The ACLU complained that in a visit to an elementary school last year, Santa gave out candy canes and asked the kids why Christmas is celebrated. The kids had the nerve to pop up and answer Jesus’ birthday.
Throw those kids in the slammer and teach them some tolerance!
Saddam denies WMD! CNN says. Well, that settles it! He never had 'em. But CNN doesn't say that this tidbit was nestled in with several other obvious falsehoods:
The men then asked Mr. Hussein about events in his nearly 35 years in power that officials in the United States and elsewhere cite in accusing the former ruler. They cited these examples:
Asked about the use of chemical weapons against the Kurds in the northern Iraqi town of Halabja in 1988, in which an estimated 5,000 people were killed, Mr. Hussein said, according to his visitors, that this was the work of Iran, at war with Iraq at the time.
Asked about the mass graves of tens of thousands of Iraqis uncovered since Mr. Hussein was toppled from power in the American-led offensive this spring, Mr. Rubaie said Mr. Hussein answered: "Ask their relatives. They were thieves, and they ran away from the battlefields with Iran and from the battlefields of Kuwait."
Asked why he invaded Kuwait in 1990, provoking the American-led assault on Iraq the next year, he said Kuwait was rightfully a part of Iraq.
Just Keep Telling Yourself That!
The Inquirer keeps repeating falsehoods, if only to assure itself that it was right:
President Bush justified his decision to topple Hussein by accusing the dictator of continuing banned programs to develop chemical, biological and nuclear weapons, and of cooperating with al-Qaeda, Osama bin Laden's terrorist network.
No evidence has been found substantiating those allegations, fueling accusations that Bush and his top aides exaggerated the threat from Hussein to bolster public support for the war.
No evidence has been found? The Kay Report showed that the WMD programs were still there, and were being concealed from the world. No stockpiles were found, of course, but the scientists, the labs and the documentation could have begun producing them the minute sanctions against Iraq had been lifted. This was Saddam's hope (and it was also France's desire).
And the Inquirer's own news staff reported on the leaked Senate Intelligence Committee Memo (which is now archived and lost to the world, but here is the same story), which detailed Saddam's connections to Al Qaeda.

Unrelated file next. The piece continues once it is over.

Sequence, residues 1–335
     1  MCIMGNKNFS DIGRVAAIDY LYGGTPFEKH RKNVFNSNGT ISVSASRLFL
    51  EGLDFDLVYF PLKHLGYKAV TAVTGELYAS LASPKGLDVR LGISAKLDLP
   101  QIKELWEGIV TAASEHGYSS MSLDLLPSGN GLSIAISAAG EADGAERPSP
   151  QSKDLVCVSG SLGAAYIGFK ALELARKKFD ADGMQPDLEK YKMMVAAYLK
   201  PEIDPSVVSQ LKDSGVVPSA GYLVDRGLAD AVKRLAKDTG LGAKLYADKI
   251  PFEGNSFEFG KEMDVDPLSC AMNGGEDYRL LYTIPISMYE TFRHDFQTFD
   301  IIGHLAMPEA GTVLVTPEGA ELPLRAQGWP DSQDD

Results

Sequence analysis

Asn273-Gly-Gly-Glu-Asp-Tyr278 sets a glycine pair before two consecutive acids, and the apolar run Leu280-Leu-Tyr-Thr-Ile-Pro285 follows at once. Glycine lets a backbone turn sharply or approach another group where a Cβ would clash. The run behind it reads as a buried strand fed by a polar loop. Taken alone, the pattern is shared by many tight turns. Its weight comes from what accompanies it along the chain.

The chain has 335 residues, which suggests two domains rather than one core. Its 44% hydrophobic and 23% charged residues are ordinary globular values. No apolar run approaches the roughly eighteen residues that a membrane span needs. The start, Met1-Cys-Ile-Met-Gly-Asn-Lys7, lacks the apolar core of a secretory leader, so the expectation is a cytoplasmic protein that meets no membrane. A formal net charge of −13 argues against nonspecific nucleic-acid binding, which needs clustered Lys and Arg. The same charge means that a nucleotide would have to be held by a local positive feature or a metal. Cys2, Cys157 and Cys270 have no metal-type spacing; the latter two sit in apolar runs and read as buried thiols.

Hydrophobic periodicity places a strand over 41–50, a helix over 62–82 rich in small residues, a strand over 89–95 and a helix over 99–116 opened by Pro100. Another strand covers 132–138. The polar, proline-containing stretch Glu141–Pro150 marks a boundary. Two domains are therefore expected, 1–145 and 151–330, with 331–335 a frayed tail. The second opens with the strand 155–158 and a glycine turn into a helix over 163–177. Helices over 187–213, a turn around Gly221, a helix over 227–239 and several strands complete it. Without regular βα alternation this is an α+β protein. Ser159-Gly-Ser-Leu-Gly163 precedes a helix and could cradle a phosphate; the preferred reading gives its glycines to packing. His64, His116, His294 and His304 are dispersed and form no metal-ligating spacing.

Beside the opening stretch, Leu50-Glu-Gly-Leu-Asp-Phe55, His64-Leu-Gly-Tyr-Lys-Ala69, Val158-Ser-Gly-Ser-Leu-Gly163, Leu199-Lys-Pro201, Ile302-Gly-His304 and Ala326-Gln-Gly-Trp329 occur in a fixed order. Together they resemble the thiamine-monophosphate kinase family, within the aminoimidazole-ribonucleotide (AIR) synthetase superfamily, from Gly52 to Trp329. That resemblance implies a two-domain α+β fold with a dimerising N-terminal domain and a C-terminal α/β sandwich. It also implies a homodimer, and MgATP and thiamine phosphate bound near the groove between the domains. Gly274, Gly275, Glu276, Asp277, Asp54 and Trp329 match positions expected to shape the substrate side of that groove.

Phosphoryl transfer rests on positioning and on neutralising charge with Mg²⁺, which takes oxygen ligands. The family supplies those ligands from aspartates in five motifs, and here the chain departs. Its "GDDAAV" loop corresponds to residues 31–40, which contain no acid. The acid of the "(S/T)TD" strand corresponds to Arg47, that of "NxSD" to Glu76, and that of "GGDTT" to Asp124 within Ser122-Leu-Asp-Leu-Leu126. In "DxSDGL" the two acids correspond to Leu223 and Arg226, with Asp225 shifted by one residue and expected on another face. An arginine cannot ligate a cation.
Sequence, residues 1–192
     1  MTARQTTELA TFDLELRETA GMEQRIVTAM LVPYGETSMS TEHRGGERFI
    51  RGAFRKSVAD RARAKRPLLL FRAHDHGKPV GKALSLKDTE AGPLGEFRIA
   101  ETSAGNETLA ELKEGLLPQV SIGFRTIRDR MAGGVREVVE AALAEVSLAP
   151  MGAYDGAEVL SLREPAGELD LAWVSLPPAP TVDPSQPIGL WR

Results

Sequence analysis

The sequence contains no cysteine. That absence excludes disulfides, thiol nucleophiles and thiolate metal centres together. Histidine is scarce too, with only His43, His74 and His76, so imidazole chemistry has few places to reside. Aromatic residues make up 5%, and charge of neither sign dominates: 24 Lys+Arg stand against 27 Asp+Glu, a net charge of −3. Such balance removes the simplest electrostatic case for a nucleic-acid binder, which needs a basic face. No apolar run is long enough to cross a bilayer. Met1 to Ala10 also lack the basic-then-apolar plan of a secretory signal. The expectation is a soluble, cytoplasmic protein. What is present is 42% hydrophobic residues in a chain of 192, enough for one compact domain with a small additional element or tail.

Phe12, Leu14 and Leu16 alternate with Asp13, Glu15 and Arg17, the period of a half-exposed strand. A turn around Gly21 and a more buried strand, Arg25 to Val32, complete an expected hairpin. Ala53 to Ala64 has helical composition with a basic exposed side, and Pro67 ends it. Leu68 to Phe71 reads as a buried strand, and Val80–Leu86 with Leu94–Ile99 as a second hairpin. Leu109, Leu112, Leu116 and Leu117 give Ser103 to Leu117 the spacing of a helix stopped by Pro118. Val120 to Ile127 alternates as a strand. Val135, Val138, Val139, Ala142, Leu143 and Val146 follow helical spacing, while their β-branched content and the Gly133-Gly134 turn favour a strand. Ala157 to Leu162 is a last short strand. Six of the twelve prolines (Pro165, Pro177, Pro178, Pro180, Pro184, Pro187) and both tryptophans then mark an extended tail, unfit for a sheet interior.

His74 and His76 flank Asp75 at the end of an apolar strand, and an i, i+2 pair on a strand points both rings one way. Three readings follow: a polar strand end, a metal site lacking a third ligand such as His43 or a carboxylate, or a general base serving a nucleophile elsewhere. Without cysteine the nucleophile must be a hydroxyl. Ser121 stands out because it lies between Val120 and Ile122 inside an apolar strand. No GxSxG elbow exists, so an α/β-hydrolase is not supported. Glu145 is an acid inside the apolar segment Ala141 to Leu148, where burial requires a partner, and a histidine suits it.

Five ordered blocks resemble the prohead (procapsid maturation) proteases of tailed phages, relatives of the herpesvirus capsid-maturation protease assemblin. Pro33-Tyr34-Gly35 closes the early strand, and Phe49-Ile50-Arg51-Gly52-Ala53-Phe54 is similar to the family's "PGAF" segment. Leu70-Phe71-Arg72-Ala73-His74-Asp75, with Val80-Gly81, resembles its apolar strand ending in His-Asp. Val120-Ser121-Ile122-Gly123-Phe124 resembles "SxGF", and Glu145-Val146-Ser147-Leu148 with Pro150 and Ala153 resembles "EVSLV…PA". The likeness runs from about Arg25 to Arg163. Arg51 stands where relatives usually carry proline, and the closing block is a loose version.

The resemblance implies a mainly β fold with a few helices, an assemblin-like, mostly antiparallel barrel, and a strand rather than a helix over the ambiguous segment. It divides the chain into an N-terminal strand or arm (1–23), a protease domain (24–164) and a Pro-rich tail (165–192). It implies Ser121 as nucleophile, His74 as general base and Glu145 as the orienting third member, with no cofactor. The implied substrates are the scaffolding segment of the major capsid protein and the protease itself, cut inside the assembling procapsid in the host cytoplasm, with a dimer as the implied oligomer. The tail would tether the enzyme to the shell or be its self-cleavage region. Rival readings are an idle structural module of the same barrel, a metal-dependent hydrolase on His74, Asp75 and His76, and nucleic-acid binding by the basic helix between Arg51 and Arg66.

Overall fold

And then there's this:
Iraq's coalition government claims that it has uncovered documentary proof that Mohammed Atta, the al-Qaeda mastermind of the September 11 attacks against the US, was trained in Baghdad by Abu Nidal, the notorious Palestinian terrorist.
Details of Atta's visit to the Iraqi capital in the summer of 2001, just weeks before he launched the most devastating terrorist attack in US history, are contained in a top secret memo written to Saddam Hussein, the then Iraqi president, by Tahir Jalil Habbush al-Tikriti, the former head of the Iraqi Intelligence Service.
But there's NO EVIDENCE! NO EVIDENCE!
Sunday, December 14, 2003
All I Want for Christmas is my two front - nah! I'll take this: U.S. believes Saddam captured.
Friday, December 12, 2003
Hard Boozing Aussies
A leading Australian politician apparently stole a number of bottles of wine, imbibed their contents, and then assailed a fellow senator, calling her a "f--ing bitch" in parliament. Hand-wringing Aussies have subsequently re-examined their country's leaders' fondness for a drink or two. I liked this story:
In a recent book, journalist Mungo MacCallum recounted a trip the then prime minister, [John Gorton] took to Melbourne in a VIP aircraft after a hard day in Parliament.
"He chose to unwind with a few drinks on the plane, some pre-dinner cocktails at the Sheraton, some wines, a port or two and the odd palate cleanser before being wheeled back to Tullamarine for the flight back to Canberra.
"He decided on a little nap, but on waking with the engines thrumming in his ears was so queasy he threw up in the aisle. A stewardess arrived to clean up the mess and Gorton turned on the legendary charm: 'Well, my dear,' he grinned, 'I suppose you're surprised that an old RAAF man like me can still get airsick?' But for once he was out done; the stewardess replied cheerfully: 'I am actually, Prime Minister, because the plane hasn't taken off yet."
(Thanks to Andrew Sullivan)
The Inquirer Soils Itself Again
The Geneva Accords: A worthy wager, not an act of treason
How would the Inquirer feel about a peace treaty between the US and Al Qaeda, negotiated by Dennis Kucinich and Crown Prince Abdullah?
I'm scared to imagine the Inquirer's reaction to such a thing. I would hope they would say that a nation's representatives should be elected by the nation they represent.
The Inquirer loves to hear the Palestinian promises, allowing this sweet music to drown out rational thought:
Behold! The Palestinians are promising to "renounce terrorism." Didn't they make that same promise at Oslo in 1993?
The Palestinian problem has never been making promises.
It has been keeping them.
What part of "Congress shall make no law abridging the freedom of speech" didn't they understand? Key Parts of Campaign Finance Law Upheld
WASHINGTON - A divided Supreme Court upheld the broadest restrictions on campaign donations in nearly 30 years Wednesday, ruling the nation is better off with limits on the financial influence of deep-pocket donors even if money never can be divorced from politics.